Insurance policies are famously obscure, full of non-sequiturs and jargon. Coverage disputes often feature disagreements about the meaning of policy wording. As a result, courts have developed a process for interpreting policies. In Oregon, the interpretation process (the Hoffman analysis, named for an important case) isn’t the same as for an ordinary contract. It focuses first on the plain meaning of a disputed term, then the immediate context of the disputed term, then the context of the term in the policy as a whole. Overlaid on that are the concepts of the “ordinary purchaser of insurance” among others. If a phrase is deemed ambiguous even after that analysis, the policyholder’s interpretation will prevail.
Two new cases from the Oregon Court of Appeals—released on the same day last week—offer a master class in how to move through those interpretation steps (even though one of them got it wrong, IMHO). Tl;dr: the court appears to be putting more emphasis on how an ordinary insurance purchaser would understand the terms; coverage grants are interpreted broadly, and exclusions narrowly; but disputed terms are interpreted in context, not isolation.
First case: Coelsch v. State Farm. Coelsch’s combine harvester malfunctioned and was shut down on an incline; then, it rolled downhill fast, damaging its internal workings because no oil was being pumped through its machinery. The policy covered “accidental direct physical loss” but excluded “mechanical breakdown.” The court concluded that “mechanical breakdown” meant breakage during normal operations, and thus the exclusion did not apply. The court looked to the other exclusions appearing in the same paragraph as “mechanical breakdown” and concluded that they supported the view that all of the exclusions were aimed at normal operations. The court also emphasized the perspective of the “ordinary purchaser” of insurance: “We therefore seek to determine the understanding that plaintiffs would have had of the term ‘mechanical breakdown’ when they bought an insurance policy for ‘accidental direct physical loss.'” The concept of the “ordinary purchaser” perspective is not new, but the emphasis on it has featured more frequently this year in this court (including in a case where we were privileged to represent the policyholder, Bighorn Logging v. Truck).
Second case: Summit Real Estate v. Mid-Century Insurance. Summit’s employee embezzled money from 2005-2013. During that time, Summit purchased coverage under two different employee dishonesty policy forms, both from Mid-Century. The first form was used in annual policies starting in August 2004, and renewed annually until 2008; the second form was used starting in August 2008, and renewed annually through 2013. The theft was discovered in July 2013. Mid-Century took the position that it only had to pay for loss occurring during three policy years, based on language in the policy limiting coverage to the loss occurring during the policy year, discovered one year after the end of a policy period, or occurring during a period of “prior insurance.” So Mid-Century paid during the current year (2012-2013); under the prior year (2011-2012); and the year before that (2010-2011). The “prior insurance” provision was the subject of the court’s interpretation analysis.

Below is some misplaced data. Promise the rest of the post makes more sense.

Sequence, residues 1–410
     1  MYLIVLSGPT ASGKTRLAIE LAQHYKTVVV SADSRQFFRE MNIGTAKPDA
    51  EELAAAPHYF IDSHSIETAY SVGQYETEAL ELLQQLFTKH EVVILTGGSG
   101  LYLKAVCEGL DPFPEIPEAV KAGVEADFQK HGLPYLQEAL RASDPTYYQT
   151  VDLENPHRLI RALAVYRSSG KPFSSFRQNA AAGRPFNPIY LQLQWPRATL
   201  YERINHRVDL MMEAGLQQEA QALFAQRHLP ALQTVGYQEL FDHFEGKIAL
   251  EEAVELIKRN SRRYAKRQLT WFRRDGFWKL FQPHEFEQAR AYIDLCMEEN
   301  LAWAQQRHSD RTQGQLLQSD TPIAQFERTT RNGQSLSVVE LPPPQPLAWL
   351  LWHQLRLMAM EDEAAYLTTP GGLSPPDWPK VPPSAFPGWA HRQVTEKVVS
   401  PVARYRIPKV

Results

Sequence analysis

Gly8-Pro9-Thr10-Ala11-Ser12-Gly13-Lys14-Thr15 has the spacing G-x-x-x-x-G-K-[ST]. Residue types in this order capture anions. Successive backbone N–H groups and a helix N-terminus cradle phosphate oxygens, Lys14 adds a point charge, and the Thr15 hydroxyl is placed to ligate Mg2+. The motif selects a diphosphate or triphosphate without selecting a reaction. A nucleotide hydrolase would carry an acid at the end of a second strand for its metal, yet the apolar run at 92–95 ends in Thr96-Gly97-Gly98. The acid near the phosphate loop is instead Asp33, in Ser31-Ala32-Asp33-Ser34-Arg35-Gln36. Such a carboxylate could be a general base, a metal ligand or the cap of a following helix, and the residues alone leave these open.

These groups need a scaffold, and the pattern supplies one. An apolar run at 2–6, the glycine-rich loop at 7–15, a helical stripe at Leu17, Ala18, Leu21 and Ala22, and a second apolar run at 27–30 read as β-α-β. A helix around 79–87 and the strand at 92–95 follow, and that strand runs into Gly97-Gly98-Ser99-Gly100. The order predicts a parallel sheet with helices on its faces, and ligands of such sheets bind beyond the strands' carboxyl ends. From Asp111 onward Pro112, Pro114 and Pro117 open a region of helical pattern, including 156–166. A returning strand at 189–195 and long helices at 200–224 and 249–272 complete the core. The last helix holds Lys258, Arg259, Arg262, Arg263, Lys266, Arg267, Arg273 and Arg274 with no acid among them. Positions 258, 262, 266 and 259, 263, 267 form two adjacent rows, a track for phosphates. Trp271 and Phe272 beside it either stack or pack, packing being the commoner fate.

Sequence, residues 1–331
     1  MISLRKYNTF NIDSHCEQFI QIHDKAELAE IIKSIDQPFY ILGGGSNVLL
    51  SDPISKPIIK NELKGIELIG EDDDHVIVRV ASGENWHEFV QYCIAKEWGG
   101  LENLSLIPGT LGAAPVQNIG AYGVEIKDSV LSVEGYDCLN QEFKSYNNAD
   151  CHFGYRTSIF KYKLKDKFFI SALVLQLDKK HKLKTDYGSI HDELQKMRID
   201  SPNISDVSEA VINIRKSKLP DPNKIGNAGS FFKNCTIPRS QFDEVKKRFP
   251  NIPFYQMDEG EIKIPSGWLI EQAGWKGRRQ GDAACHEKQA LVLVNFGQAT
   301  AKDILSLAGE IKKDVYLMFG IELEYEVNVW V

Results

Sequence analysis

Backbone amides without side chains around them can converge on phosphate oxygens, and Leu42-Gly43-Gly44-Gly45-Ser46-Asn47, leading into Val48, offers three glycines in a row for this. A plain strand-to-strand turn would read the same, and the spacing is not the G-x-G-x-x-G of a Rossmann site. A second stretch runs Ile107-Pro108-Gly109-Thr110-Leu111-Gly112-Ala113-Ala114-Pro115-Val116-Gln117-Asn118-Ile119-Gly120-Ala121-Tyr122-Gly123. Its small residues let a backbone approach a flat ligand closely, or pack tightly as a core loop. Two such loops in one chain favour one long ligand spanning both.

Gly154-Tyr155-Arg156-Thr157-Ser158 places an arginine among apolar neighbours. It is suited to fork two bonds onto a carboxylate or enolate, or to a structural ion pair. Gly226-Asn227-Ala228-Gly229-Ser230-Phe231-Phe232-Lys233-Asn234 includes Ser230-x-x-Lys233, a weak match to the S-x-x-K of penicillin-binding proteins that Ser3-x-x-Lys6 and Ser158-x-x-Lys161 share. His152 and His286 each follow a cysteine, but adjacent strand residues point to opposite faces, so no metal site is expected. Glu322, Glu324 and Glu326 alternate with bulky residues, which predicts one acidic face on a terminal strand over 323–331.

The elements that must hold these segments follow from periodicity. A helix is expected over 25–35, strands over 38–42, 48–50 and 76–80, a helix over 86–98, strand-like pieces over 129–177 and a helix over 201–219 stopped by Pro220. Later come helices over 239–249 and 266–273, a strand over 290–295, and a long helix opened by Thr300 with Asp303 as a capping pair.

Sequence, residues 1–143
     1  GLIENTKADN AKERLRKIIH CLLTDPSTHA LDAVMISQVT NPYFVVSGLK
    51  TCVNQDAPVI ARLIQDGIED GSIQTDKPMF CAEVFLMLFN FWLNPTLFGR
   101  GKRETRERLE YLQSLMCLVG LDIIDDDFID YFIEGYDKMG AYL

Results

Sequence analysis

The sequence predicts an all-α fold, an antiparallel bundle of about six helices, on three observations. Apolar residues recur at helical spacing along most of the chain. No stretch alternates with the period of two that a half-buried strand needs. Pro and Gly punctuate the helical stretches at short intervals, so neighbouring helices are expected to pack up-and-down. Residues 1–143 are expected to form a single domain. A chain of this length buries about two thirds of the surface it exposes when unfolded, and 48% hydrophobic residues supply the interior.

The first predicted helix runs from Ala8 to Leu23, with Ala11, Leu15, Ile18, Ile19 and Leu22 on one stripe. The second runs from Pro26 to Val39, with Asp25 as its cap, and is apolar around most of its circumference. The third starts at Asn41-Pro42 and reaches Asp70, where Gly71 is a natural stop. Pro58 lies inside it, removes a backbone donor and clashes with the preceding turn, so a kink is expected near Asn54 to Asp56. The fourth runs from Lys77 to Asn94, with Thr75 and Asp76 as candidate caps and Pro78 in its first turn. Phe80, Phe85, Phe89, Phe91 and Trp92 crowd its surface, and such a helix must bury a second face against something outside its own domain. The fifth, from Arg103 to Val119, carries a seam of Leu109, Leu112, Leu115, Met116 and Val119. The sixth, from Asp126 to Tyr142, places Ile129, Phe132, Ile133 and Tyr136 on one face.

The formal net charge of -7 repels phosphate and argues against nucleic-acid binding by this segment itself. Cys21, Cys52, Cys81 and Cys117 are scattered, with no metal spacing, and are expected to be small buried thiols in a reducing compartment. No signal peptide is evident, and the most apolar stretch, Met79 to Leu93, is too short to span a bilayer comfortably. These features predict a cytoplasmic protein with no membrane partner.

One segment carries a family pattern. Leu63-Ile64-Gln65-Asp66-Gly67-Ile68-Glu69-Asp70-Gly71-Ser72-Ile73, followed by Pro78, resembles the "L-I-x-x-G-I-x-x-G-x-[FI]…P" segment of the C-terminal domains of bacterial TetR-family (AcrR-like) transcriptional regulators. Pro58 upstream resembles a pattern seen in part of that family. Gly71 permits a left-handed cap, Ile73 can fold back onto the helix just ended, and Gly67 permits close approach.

Summit argued that the use of the word “any” in the “prior insurance” provision (which read “during the period of any prior insurance”) meant that every prior year should be included, not just the immediately preceding year. The court agreed that in isolation Summit had the better argument. (After all, “any” means ANY). But the court went to the next step in the Hoffman process and looked to the immediate context. Another phrase in the same section (but not the same paragraph) referred to “the prior insurance” in a way that fairly clearly indicated it was only talking about the immediately prior year. The court concluded therefore that “prior insurance” as used in the whole section only referred to the immediately prior year’s policy.
And that is where the court appears to have gone astray, in my view. The court should not have proceeded further once it concluded that the word “any” meant “any”—it should not have proceeded to the “context” step. Even if the context was considered, there was a conflict between “any prior insurance” and the “the prior insurance” language, which should have led the court to conclude that the provision was ambiguous, meaning that Summit’s interpretation would win out.
Side-bar comment: Another frustrating aspect of this case for Summit was that its broker had told Summit that theft by an employee in “any” policy period would be covered no matter when it was discovered. Summit argued that under ORS 742.043 (relating to “binders” of insurance) this modified the policy, but the court rejected that contention on the basis that the broker’s statement was vague.
Lessons: These cases did not break new ground, but do offer the following lessons: 1) when interpreting a policy, what matters is the perspective of the ordinary purchaser of insurance, not insurance lawyers, or even brokers; 2) context matters (perhaps even when I think it shouldn’t); 3) don’t give up if the insurance company tells you that there’s no coverage because of an exception or exclusion in the policy; 4) if you can negotiate language in your policy, read and write very carefully; 5) don’t assume that any statement other than what’s in the policy will be binding come time to make a claim.